The influence of single amino acid replacements by alanine on the binding affinity and biological activity of alpha-MSH in B16 murine melanoma cells has been studied systematically. alpha-MSH analogues were synthesized by solid-phase peptide synthesis and their binding affinities to the melanocortin receptor expressed by B16 mouse melanoma cells were determined using a radioreceptor assay. Biological activity of the analogues was determined by measuring tyrosinase stimulation. Relative activity and affinity data were generally in agreement with earlier results using terminal deletion fragments of alpha-MSH, but the alanine scan revealed important new insights into the role of individual residues. The three terminal amino acids at either end were not necessary for binding or activity, with amino acids 4-9 forming a core sequence required for receptor binding and triggering of the biological response. It was observed that replacement of the glutamic acid residue in position 5 was possible without loss of affinity or activity, whereas replacement of Met4 resulted in a 100-fold loss of binding affinity and biological activity. Each residue within the conserved melanocortin sequence His-Phe-Arg-Trp was shown to be essential with Phe7, Arg8, and Trp9 being the most sensitive to replacement by alanine. Generally, there was a rank correlation between binding affinity and tyrosinase stimulation within the group of analogues studied. Tyrosinase activity was less affected by alanine substitution than binding affinity, which suggests that full receptor binding is not required for maximum biological response.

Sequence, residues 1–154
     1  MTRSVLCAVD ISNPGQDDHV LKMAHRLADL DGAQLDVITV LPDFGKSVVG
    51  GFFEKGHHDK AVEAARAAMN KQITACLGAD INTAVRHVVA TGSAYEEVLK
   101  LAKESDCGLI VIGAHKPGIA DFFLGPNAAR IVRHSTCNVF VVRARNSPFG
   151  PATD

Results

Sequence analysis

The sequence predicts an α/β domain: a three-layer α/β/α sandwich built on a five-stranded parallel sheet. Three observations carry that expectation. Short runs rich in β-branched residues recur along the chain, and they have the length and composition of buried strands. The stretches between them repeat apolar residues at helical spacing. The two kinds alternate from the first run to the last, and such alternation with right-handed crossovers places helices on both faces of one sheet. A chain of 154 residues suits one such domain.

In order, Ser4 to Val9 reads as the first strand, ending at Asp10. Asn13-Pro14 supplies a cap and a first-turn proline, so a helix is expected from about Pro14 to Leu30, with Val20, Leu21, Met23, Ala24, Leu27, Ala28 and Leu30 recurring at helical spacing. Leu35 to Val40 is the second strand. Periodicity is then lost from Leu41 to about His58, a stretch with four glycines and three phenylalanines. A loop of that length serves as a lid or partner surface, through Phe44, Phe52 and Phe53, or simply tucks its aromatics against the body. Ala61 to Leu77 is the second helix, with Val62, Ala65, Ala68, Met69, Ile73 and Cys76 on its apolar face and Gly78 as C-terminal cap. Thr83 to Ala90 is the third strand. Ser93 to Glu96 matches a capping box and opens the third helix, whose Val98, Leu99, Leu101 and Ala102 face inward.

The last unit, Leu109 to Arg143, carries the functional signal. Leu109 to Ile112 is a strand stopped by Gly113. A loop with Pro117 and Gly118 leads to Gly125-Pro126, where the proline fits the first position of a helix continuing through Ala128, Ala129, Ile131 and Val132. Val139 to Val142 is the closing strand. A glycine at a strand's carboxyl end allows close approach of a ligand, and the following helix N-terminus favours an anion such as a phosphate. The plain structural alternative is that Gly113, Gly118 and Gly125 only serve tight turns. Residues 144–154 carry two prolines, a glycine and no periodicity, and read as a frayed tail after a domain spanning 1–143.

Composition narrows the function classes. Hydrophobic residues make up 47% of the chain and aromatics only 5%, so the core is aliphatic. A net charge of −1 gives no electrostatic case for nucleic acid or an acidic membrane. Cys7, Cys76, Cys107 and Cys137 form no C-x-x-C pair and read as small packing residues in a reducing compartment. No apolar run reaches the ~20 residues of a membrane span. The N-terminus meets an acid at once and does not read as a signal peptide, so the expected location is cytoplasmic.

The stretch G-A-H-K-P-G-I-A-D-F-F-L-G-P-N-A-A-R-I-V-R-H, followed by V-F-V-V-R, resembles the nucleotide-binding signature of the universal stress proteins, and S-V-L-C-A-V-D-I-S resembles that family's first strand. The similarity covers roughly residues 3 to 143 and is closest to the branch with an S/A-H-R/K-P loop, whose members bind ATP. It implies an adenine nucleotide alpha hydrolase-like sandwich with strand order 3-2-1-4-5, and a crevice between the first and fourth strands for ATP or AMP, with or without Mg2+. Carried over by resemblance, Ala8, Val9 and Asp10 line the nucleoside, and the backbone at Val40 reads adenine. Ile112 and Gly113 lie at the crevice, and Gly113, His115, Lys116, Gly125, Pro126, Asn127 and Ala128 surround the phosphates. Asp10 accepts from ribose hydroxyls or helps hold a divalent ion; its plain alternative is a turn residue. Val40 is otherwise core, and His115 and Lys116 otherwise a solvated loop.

|Number of pages||6|
|Publication status||Published - 1994|
- Alanine/chemistry Amino Acid Sequence Animals Binding, Competitive Melanoma, Experimental/metabolism Mice Molecular Sequence Data Monophenol Monooxygenase/metabolism Radioligand Assay Receptors, Corticotropin/metabolism Receptors, Melanocortin Structure-Activity Relationship Tumor Cells, Cultured/metabolism alpha-MSH/*analogs & derivatives/chemical synthesis/metabolism